The slum waters of Dharavi, Wadala Mumbai have reported to be having extreme levels of fluoride and other toxic chemicals. The extreme scarcity of lavatories is highlighted by the fact Dharavi in Mumbai has 1 toilet for 1440 slum dwellers. The one thing that you should’nt expect to get in an Indian slum is sanitation. Acute poverty, combined with illiteracy drives the youngsters of these slums to resort to abominable acts like betting, narcotics, economically exploit the upper class, black market and illegitimate export, illegal liquor sale, prostitution etc. On an average 90% of all the construction in a slum is illegal. All these factors like poor sanitation, water supply, unhygienic conditions, lack of proper medical aid lead to premature deaths, high infant mortality rates in a slum. Average life expectancy in Indian slums is 47 years for males and 51 for females.
These slums are places that feed the fourth-class work force of our urban livelihood. Imagine a week with the house maid deciding to shut shop. I bet it gives the jitters to every middle-class house wife. Imagine a day without the fourth class staff of the goverrment offices and private institutes. Little do we ever reflect upon the fact that our ships in the waters of a developing country are probably sailing smoothly due to the product of these very slums
The pressures of improving the Urban developed picture of India has unintentionally deepened the slum crisis. The number of people living in slums in India is more than the total population of United Kingdom, the Indian Government has announced. Still we all tend to overlook the stark truth facing us dead in the face. Being generous towards a handful of the top economic strata and producing the maximum millionares in the world is not going to cement India’s place at the top internationally. Recently the Commonwealth Games 2010 hosted by New Delhi saw scores of advertisement hoardings on high scaffoldings all along the high flyovers barely 100 metres apart from each other. At first sight, looks like the managers left no stone unturned to publicise the mega event doesn’t it? Well those high scaffoldings were simply the efforts of the Delhi government to hide the stark naked truth of 51% of the delhi population living in slums behind a thin layer of plastic and wood from the foreign delegates so that they wouldn’t feel uneasy. The movie Slumdog Millionaire completely shot in the slums of Dharavi portrayed the miserable life of a slum and the world saw it and laughed. We Indians saw it too, but simply as a 3 hour entertainment package without realizing that it was actually sounding the death-knell for our reputation as a superpower. Some of us voiced our opinion against it’s screening on grounds of it defiling the image of “India Shining” economically as well as culturally.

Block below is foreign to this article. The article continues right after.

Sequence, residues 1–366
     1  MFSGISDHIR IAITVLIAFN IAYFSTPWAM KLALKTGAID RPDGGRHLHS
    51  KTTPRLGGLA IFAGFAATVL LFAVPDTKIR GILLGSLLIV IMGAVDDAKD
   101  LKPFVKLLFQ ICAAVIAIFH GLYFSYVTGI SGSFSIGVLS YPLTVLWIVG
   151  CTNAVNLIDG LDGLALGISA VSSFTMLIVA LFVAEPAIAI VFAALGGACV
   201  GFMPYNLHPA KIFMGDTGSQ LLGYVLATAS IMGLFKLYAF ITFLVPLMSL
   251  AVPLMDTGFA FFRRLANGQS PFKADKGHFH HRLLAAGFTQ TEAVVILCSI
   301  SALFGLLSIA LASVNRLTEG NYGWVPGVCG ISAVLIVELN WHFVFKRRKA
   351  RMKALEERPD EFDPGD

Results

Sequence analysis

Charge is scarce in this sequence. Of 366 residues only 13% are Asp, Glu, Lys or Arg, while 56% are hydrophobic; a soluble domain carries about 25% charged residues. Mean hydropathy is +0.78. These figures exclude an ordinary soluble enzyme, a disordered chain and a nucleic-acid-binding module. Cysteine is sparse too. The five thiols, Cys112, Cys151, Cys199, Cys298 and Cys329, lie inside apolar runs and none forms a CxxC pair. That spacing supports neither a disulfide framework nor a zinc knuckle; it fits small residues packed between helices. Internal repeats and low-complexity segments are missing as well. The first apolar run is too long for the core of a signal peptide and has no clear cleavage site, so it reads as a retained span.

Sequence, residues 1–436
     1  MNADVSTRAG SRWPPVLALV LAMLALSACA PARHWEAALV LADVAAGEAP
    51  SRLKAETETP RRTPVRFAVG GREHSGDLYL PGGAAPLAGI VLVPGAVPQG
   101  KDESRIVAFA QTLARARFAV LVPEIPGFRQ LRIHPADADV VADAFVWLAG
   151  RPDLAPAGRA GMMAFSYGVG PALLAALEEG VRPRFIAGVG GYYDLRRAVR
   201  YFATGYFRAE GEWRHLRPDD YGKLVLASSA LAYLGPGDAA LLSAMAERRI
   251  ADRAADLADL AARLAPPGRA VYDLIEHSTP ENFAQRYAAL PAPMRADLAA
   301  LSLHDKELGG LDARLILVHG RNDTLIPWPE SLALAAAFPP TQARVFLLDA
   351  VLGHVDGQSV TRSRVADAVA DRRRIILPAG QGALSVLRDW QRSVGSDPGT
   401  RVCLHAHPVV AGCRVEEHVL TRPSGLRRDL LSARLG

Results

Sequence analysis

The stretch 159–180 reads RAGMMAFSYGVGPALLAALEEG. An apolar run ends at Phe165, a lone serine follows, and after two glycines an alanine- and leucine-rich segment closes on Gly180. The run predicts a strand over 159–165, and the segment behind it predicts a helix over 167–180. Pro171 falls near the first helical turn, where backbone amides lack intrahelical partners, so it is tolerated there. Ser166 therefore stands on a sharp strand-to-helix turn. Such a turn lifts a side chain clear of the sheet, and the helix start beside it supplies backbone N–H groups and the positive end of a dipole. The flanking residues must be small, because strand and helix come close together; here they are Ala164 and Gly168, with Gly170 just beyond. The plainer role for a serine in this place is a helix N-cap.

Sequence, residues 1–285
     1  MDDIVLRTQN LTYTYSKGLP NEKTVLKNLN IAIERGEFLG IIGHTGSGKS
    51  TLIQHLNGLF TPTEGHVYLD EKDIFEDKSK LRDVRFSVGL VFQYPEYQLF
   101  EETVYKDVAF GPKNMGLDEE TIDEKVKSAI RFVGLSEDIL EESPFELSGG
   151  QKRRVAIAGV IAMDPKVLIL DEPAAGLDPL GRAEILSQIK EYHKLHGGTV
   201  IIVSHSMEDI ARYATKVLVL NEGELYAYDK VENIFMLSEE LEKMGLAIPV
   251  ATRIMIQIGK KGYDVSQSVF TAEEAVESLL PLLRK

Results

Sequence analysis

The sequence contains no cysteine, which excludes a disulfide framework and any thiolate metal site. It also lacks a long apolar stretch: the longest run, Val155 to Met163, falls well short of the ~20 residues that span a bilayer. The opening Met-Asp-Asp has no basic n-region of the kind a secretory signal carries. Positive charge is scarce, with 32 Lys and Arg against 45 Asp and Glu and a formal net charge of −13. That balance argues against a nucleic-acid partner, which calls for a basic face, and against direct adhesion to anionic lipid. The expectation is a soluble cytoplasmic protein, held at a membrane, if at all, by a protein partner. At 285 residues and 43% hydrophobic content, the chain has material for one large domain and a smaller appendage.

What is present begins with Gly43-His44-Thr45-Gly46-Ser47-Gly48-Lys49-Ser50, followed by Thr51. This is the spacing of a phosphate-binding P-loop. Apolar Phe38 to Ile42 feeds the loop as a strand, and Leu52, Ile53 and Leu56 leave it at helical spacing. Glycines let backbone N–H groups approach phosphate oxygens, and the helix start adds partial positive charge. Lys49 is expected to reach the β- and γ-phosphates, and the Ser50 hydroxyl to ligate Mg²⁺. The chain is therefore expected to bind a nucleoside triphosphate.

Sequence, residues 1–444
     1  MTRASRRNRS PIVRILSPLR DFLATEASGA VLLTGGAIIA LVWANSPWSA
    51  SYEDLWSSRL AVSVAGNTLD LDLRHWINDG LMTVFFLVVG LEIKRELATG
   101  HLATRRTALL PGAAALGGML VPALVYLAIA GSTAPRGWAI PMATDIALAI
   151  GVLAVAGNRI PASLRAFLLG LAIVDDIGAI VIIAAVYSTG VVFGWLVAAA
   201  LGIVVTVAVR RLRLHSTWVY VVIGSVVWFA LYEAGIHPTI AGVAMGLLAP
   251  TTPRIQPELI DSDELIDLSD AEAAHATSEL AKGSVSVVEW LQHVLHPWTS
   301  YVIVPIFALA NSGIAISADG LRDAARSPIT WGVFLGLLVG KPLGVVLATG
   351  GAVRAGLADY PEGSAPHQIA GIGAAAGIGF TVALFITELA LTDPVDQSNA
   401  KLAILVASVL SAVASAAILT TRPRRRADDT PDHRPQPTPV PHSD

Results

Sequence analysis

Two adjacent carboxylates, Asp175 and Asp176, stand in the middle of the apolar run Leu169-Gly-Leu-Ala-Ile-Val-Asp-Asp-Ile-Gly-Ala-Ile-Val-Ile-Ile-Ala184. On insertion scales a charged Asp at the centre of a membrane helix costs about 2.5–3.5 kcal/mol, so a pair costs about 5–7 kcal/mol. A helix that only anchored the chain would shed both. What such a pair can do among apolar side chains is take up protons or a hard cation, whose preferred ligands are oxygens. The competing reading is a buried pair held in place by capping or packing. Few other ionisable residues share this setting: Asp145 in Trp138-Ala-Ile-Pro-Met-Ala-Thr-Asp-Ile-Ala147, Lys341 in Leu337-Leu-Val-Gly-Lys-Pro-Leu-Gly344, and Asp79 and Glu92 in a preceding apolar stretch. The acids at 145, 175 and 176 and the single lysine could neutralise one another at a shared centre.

Now what does one call that? By doing something like that aren’t we running away from our own veraciously sorry state? Are we not failing to accept our complete failure in the eradication of slums or atleast doing something to improve their state? An economically booming country like ours having 10% of its total population living in slums is a shame and a black blot on our global image. Have we become so blasphemous that we completely overlook the interests of this particular section of the society in order to keep the positive face of India that the world so unknowingly accepts, unblemished, undefiled? My dear friends, its high time we stop rolling up our windows, turning out face away in disgust from the sad plight of slums or else many more Danny Boyles will come to our country and walk away with the Oscars abroad revelling in the misery of the same.
The writer is a Correspondent of Youth Ki Awaaz.